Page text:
The paper discusses and presents hypotheses on two forms of behavioural adaptation; risk compensation and "safety compensation, i.e that road users adapt to risk by reducing speed or increasing attention. The first question that is addressed behavioural adaptation sometimes occurs, i.e what motives may lead to behaviour adaptation. Motives are a necessary, but not a sufficient condition for behavioural adaptation to occur. The second question that is addressed is how motives for adaptation are expressed in driver behaviour. This is basically a question of what possibilities drivers have to compensate for safety measures and for risk factors the third question that is addressed is when and where drivers compensate for risk, i.e before a trip starts, it may occur during the trip (tactical level), and finally it may occur on the operational level as unconscious adjustments of speed or attention. The final question that is addressed is what types of safety measures that are most likely candidates for risk compensation. The focus is on whether measures that reduce probability of accident are more likely candidates for risk compensation than measures that reduce the consequences of an accident. The paper summarises the results of the theoretical part of a three-year research programme on risk compensation. The hypotheses presented are to some degree supported by preliminary empirical results from a pilot study. (A). For the covering abstrac the conference see IRRD 882436.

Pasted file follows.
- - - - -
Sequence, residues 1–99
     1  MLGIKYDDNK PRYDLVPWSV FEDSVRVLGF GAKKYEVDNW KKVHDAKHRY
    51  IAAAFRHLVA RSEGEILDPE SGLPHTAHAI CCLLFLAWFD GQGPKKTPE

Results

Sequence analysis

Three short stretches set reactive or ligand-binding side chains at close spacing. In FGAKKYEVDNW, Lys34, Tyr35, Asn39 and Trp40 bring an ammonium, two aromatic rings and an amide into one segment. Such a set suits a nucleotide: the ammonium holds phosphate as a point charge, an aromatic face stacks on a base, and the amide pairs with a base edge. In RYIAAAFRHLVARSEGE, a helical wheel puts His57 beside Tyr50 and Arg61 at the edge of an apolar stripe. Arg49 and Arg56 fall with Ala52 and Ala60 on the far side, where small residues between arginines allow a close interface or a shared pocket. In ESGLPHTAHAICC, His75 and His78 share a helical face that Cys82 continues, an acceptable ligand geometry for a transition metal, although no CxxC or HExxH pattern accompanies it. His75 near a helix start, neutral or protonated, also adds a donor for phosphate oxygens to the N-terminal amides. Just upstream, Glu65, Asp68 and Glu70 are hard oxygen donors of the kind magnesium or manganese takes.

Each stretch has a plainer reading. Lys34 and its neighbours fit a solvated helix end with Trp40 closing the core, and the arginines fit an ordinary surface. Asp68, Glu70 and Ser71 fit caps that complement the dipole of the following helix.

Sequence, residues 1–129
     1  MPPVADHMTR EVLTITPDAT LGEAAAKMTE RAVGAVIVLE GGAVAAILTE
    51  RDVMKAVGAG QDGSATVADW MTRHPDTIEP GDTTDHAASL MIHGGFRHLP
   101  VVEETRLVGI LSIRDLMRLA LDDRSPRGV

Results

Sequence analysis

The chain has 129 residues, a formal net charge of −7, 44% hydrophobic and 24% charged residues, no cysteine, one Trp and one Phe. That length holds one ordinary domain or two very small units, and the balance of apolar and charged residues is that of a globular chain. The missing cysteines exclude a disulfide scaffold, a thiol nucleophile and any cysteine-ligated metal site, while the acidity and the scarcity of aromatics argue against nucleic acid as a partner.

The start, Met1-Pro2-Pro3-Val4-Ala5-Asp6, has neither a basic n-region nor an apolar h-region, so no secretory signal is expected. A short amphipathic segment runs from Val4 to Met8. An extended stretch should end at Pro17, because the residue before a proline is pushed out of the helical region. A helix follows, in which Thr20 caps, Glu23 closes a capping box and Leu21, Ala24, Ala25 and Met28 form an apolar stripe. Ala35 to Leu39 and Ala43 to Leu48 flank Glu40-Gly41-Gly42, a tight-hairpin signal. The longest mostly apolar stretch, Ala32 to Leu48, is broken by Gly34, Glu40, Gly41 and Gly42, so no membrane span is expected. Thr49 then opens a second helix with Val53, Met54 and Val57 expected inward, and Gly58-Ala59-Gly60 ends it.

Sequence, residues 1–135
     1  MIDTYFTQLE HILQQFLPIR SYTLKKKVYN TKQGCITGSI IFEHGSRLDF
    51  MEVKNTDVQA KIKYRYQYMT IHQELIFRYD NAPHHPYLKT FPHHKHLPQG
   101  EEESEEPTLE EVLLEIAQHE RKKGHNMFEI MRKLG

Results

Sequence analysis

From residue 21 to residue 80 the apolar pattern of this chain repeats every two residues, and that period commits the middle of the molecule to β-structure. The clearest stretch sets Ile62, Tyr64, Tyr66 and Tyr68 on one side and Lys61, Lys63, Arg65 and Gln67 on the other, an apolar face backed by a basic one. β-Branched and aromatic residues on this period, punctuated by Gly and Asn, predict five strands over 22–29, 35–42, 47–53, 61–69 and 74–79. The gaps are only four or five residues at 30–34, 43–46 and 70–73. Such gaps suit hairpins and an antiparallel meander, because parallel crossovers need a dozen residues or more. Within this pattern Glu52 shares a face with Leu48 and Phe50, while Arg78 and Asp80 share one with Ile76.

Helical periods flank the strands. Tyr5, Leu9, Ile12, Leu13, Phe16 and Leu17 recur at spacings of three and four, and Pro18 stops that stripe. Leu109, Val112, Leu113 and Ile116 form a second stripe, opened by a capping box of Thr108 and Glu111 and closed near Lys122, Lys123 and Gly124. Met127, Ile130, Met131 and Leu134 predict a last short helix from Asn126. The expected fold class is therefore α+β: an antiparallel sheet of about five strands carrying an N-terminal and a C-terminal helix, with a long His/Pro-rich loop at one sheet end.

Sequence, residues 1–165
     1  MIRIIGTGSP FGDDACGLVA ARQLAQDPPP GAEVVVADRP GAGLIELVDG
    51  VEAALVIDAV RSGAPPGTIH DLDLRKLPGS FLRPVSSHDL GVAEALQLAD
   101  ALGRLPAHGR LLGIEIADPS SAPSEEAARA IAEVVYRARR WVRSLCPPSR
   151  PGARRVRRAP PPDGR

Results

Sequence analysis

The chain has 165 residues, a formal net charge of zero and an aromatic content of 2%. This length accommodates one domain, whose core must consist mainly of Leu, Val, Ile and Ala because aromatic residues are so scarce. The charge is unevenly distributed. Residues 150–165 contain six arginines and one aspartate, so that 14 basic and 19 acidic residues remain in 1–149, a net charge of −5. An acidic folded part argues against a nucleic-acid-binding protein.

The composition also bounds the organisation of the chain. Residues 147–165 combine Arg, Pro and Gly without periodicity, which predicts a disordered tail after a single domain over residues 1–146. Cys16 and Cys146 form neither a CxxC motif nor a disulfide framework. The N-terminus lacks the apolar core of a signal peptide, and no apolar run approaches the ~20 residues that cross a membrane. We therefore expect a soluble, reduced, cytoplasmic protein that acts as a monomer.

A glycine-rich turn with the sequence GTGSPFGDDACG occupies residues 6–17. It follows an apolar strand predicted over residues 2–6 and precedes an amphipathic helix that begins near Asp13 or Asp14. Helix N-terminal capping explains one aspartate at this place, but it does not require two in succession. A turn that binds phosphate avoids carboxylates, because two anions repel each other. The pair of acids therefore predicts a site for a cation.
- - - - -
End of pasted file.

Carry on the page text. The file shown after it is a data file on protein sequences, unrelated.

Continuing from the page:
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  • Accession Number: 00726345
  • Record Type: Publication
  • Source Agency: Swedish National Road and Transport Research Institute (VTI)
  • Files: ITRD, ATRI
  • Created Date: Oct 28 1996 12:00AM